It’s a lesson we’re all too familiar with: positive reinforcement. The process is simple: keep rewarding your child for positive actions, and he or she will eventually imbibe these as habits.
Sounds pretty simple, right? But we all know it’s not as easy as it looks. On the opposite end of the spectrum, when our kids misbehave, negative reinforcement isn’t exactly the perfect solution either to shape good behavior. So what works?
In an interview with NPR, parenting educator and journalist Katherine Reynolds Lewis cautions parents about using rewards in her book The Good News About Bad Behavior and talks about a different approach to promote obedience.
Lewis echoes the amount of research supporting the idea that the more people reward children or adults for a particular behavior, this behavior becomes less desirable in the long run. Studies show that when children start to expect a reward, they become less motivated to perform the same action.
“If the child is coming up with, ‘Oh, I’d really like to do this,’ and it stems from his intrinsic interests and he’s more in charge of it, then it becomes less of a bribe and more of a way that he’s structuring his own morning,” says Lewis.
In 2016, Psychology Today reported a study on positive reinforcement. During a game, 48 three-year-olds were given marbles while a puppet would only receive one. Some kids proactively handed out one marble to the puppet, which at times would say, “I only got one marble,” “I want to have as many marbles as you,” or “Will you give me one?”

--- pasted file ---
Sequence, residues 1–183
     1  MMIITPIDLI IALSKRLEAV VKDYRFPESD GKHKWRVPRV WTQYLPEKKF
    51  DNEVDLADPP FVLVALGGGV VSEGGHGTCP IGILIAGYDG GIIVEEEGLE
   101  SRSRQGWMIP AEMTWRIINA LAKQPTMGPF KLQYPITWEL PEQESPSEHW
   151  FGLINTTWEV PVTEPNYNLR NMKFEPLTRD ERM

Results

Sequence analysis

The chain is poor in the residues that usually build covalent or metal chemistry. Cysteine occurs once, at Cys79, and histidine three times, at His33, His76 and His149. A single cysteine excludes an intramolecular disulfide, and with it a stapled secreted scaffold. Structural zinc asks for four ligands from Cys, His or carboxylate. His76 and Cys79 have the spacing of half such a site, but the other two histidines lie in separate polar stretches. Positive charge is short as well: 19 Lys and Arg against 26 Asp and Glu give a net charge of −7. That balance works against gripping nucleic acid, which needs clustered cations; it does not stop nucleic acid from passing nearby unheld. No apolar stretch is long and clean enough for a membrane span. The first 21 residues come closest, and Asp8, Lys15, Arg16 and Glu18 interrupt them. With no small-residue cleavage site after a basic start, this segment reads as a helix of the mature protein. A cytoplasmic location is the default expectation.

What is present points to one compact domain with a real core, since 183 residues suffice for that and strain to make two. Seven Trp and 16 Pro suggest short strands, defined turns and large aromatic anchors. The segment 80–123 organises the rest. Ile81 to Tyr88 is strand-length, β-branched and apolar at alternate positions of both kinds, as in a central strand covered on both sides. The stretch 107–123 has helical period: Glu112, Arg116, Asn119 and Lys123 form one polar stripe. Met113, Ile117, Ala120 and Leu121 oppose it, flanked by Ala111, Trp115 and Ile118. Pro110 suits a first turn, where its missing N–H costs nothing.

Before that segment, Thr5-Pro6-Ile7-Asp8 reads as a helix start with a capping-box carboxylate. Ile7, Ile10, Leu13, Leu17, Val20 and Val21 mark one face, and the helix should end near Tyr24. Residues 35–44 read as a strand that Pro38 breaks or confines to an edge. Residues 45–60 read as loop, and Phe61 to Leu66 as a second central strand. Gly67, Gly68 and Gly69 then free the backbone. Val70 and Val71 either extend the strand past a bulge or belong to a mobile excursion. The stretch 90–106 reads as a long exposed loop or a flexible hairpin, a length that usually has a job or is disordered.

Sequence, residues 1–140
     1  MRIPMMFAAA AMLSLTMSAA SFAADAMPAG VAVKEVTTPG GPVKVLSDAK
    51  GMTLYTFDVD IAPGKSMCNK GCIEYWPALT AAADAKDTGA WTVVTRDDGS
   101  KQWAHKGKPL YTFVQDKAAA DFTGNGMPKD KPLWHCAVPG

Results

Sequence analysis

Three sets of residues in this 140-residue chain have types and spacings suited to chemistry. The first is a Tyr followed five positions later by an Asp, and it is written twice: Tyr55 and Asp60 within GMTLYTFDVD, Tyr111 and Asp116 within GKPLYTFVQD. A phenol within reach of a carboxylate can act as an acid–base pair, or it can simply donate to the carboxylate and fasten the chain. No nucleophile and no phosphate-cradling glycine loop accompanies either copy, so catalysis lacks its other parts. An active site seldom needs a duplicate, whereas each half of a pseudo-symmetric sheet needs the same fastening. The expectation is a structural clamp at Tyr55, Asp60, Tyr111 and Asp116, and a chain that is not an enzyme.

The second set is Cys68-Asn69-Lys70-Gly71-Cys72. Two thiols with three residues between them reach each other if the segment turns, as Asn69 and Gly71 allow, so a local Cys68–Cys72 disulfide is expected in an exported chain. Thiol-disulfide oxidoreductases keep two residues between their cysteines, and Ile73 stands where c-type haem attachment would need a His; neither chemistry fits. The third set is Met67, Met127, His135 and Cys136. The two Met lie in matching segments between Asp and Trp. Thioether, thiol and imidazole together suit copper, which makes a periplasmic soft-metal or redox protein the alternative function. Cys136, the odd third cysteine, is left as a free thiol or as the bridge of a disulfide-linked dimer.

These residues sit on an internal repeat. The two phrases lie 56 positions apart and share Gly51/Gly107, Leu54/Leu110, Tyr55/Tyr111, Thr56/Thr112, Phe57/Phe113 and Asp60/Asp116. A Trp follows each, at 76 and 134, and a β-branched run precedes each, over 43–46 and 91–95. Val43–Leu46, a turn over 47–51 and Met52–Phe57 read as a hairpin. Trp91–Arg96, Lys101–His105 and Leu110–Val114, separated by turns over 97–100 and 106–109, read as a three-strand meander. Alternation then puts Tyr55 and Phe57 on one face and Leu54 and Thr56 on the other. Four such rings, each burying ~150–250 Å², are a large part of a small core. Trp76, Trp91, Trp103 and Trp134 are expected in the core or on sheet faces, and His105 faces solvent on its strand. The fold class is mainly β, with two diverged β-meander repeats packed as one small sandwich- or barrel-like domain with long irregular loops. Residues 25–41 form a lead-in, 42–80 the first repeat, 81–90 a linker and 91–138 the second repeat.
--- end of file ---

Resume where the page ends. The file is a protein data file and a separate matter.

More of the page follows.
Whenever a child would give a marble, he or she would at times be praised by the puppet or offered a reward. When a similar test was conducted with the same kids, later on, the results were surprising. The same kids who gave extra marbles to the puppet shared less. It just shows that being praised or receiving material rewards no longer appealed to them, even if they grasped the concepts of empathy and fairness.
“When the reward was absent, so was fairness,” shared author Garth Sundem.
As evidenced by this experiment, rewards stop working at some point. For a while, you may get your child to tie his shoelaces, brush his teeth or get ready for school faster, but eventually, the process may get dull and tiring for them. “At some point, the kid says, ‘I don’t care about your reward. I’m going to do what I want.’ And then we have no tools,” Lewis explains.
Instead of rewarding positive behavior, Lewis encourages parents to use strategies that build on mutual respect and a shared desire to get through the day smoothly.